The first negotiations between the state government and Victorian teachers following a 10,000 strong November 21 stop-work meeting bore no fruit according to a November 30 press release by the Australian Education Union’s (AEU) Victorian branch.
Israel's wars If Philip Mendes (Write On, GLW #730) is accurate with his estimation that only about 1% of Australian voters think that Israel´s wars on Lebanon and Palestine are a significant issue, then I am very happy to be included in this
The Dramatically Black: Djarn Djarns — Frankie Dollar is eleven years old. He is the leader of an Aboriginal traditional dance group, who are young urban blackfellas, with a responsibility to keep their culture alive. SBS, Friday, December 7, 3.30pm. Los Zafiros — Formed in 1962, Los Zafiros were known as Cuba’s answer to The Platters. The members all came from the same Havana neighbourhood, and in Cuba enjoyed a popularity comparable to The Beatles. SBS, Saturday, December 8, 1pm. The Judge and the Fanatic — Many Yemenis have fought with the Mujahedeen in Afghanistan, but when the war ended they returned to Yemen to join the long queues of the unemployed, and many of them found it hard to reintegrate. SBS, Monday, December 10, 2.30pm. Cutting Edge: Cheney’s Law — For three decades US Vice President Dick Cheney conducted a secretive, behind-closed-doors campaign to give the US president virtually unlimited wartime power. SBS, Tuesday, December 11, 8.30pm.
The November 24 rout of the Howard government owed much to the work of the organised labour movement. Of the marginal Coalition seats targeted by the Your Rights at Work (YRAW) campaign, 20 of 24 have fallen to Labor (including John Howard’s own seat of Bennelong); the other four remain in doubt. Most of those who voted for Labor did so believing that Labor would abolish Work Choices, as promised by Kevin Rudd on October 14, the official start to the election campaign. Yet Labor’s industrial relations policy — Forward with Fairness — promises only minimal changes, replacing the Coalition’s legislation with “Work Choices Lite”.
Since the crackdown on the pro-democracy movement in October, there has been little in the mainstream media coverage of events in Burma. During the crackdown, many people were killed or disappeared by the military as society was placed under curfew.
Kevin Rudd’s election provides an opportunity for Australia and Aboriginal people to repair the damage caused by the Howard years. Rudd’s intention to apologise to the Stolen Generations already indicates a positive change of national policy towards Aboriginal people and should he remove the NT emergency laws, Aboriginal reconciliation will be further enhanced.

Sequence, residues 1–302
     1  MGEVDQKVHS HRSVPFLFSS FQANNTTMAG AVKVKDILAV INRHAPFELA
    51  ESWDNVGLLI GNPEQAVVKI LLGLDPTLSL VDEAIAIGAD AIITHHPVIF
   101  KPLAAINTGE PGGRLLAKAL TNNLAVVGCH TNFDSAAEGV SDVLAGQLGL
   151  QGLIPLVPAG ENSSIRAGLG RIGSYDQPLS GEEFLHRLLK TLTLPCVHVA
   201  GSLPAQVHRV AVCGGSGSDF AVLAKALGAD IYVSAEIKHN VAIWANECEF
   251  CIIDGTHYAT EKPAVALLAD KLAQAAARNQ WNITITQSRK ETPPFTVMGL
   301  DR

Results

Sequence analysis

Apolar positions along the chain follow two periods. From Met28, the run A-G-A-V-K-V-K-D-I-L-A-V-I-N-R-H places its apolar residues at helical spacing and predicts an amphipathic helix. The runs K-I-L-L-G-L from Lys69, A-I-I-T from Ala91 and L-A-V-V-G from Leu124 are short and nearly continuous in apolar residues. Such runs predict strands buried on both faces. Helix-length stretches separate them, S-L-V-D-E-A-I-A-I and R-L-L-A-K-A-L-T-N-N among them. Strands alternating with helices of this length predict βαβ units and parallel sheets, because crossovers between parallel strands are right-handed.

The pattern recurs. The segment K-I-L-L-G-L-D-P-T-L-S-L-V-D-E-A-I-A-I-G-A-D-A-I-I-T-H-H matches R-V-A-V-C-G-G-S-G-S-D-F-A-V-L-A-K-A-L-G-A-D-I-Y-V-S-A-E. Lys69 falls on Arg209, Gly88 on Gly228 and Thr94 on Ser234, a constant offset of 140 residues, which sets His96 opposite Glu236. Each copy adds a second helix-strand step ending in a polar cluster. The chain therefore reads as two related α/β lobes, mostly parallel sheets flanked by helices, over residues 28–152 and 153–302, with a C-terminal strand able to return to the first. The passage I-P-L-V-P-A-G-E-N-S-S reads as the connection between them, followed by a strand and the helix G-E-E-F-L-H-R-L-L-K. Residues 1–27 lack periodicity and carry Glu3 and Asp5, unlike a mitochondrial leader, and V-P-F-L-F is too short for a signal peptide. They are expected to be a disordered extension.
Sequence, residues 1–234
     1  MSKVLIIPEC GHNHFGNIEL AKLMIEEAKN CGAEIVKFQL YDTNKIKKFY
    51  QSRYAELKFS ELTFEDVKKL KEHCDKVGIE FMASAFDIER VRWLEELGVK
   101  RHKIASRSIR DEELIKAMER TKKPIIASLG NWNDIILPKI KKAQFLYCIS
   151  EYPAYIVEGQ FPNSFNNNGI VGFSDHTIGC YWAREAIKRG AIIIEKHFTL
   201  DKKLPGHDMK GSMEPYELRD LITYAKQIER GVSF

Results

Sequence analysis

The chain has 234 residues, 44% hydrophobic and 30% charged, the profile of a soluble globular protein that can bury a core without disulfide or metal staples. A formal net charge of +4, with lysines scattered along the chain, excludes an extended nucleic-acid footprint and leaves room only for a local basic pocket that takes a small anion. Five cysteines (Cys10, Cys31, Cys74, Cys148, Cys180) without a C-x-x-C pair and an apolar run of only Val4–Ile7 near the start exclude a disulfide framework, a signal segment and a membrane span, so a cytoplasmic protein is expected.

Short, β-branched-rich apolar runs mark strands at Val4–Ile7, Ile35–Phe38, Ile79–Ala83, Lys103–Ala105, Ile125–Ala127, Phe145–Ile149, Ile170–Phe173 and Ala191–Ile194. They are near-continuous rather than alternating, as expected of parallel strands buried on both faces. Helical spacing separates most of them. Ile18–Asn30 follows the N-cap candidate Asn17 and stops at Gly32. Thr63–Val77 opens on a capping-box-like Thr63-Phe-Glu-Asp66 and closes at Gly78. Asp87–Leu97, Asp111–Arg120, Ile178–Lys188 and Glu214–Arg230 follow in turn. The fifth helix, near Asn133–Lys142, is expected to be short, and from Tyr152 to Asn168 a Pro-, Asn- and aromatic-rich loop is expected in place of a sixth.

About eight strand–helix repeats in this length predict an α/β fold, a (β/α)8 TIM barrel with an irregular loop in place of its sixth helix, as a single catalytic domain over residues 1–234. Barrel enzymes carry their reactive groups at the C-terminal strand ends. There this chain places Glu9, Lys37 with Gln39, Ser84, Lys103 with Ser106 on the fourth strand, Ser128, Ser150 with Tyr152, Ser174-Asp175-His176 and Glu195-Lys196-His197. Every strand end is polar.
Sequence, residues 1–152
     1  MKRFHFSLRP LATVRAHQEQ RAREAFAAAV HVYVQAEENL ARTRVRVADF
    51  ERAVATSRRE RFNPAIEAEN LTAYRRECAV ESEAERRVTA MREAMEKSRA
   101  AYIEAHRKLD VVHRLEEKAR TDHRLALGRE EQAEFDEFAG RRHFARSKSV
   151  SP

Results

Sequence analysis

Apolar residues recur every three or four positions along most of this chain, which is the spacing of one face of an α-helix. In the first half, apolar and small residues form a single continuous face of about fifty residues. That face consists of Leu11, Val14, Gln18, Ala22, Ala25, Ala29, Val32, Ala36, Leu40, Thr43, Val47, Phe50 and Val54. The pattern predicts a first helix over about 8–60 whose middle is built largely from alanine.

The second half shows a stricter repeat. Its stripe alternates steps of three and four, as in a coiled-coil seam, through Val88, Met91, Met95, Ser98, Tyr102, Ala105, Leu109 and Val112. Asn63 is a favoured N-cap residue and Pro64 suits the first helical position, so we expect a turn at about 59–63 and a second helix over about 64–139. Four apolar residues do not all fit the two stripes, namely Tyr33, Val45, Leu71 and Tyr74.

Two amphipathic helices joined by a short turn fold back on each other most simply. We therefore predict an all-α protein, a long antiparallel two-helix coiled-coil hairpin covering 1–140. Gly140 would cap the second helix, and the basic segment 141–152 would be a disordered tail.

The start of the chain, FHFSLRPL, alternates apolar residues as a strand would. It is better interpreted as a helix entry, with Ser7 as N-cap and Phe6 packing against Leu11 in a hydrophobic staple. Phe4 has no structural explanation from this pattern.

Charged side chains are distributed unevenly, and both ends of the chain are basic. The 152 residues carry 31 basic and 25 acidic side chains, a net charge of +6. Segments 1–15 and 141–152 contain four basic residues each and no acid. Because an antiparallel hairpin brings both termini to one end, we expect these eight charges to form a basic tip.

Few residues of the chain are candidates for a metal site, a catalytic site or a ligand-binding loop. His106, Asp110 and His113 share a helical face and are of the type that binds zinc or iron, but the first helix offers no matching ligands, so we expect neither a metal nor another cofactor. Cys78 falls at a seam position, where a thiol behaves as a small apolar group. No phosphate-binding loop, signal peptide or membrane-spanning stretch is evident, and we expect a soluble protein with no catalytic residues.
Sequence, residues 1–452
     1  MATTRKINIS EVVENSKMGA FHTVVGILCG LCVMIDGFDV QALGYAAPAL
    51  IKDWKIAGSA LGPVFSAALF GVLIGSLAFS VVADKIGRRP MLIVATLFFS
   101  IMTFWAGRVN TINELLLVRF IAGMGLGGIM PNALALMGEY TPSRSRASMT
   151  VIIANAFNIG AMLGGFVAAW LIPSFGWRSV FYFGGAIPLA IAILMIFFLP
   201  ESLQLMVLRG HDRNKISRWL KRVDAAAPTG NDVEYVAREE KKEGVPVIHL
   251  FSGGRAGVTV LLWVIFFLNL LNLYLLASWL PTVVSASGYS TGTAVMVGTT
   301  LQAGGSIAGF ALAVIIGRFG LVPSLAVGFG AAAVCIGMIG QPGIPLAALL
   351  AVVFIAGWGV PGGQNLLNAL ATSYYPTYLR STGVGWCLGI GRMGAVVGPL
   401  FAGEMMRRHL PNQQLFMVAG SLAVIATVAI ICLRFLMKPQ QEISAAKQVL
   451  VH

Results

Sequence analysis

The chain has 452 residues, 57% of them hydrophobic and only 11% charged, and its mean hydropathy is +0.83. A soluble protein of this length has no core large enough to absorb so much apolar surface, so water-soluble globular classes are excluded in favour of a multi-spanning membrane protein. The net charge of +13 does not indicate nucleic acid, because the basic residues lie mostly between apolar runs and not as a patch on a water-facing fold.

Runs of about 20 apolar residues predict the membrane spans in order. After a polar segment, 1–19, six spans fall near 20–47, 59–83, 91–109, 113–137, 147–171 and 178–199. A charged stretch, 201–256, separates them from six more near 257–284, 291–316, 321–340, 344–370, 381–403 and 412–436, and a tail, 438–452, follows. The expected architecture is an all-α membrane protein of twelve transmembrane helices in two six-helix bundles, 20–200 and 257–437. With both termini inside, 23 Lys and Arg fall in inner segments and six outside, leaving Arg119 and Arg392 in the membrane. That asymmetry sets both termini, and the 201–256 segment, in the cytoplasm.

A thousand steps
Away from the ballot box
To vote for freedom

A thousand steps
From armed men
With orders to shoot down
Anyone who votes for freedom

A thousand steps
When you have chains
On your hands and feet
To stop you from taking
A step of a single yard
Towards freedom

A thousand steps
From the grave
Where you will be buried
If you take a step
To vote for freedom

A thousand steps
From your dreams
Where you dream
That you can vote
For freedom

@auth poem = Arif Viqar
While the tyrant reign of John Howard is over, another is just beginning. The need to fight a Rudd government is quite clear. Many of Kevin Rudd’s so-called “reforms” are just slight changes to Howard’s monstrosities.
Airport security workers at the Oakland airport held an organising meeting on November 21 and received food in a food distribution organised by Filipino Association of Workers and Immigrants; Filipinos for Affirmative Action; Service Employees Local
John’s gone, he’s gone
and I’m forlorn.
The unemployed must cope
without his scorn.
Workers smile
and bosses frown,
why did the voters
let them down.
Eleven long years
of blood, sweat and tears
have given way
to workers’ cheers.
Bennelong voters
so it seems
exceeded all
my wildest dreams. @auth poem = John Tomlinson
Prime Minister-elect Kevin Rudd’s phone call with US President George Bush on November 25, the day after the election, was a reminder about the incoming Labor government’s commitment to the Australia-US military alliance. The government may have changed, but Canberra’s commitment to Australia’s participation in foreign wars and occupations hasn’t.
After more than one-and-a-half decades of constant erosion under Beijing’s pro-capitalist policies, China’s public sector has shrunk to less than 40% of the country’s economy, and an even smaller share of industry and services.